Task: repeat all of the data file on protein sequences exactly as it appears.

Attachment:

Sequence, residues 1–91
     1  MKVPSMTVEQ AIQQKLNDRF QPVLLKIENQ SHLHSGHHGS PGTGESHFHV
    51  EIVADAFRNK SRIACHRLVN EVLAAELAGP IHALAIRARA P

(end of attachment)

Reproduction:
Sequence, residues 1–91
     1  MKVPSMTVEQ AIQQKLNDRF QPVLLKIENQ SHLHSGHHGS PGTGESHFHV
    51  EIVADAFRNK SRIACHRLVN EVLAAELAGP IHALAIRARA P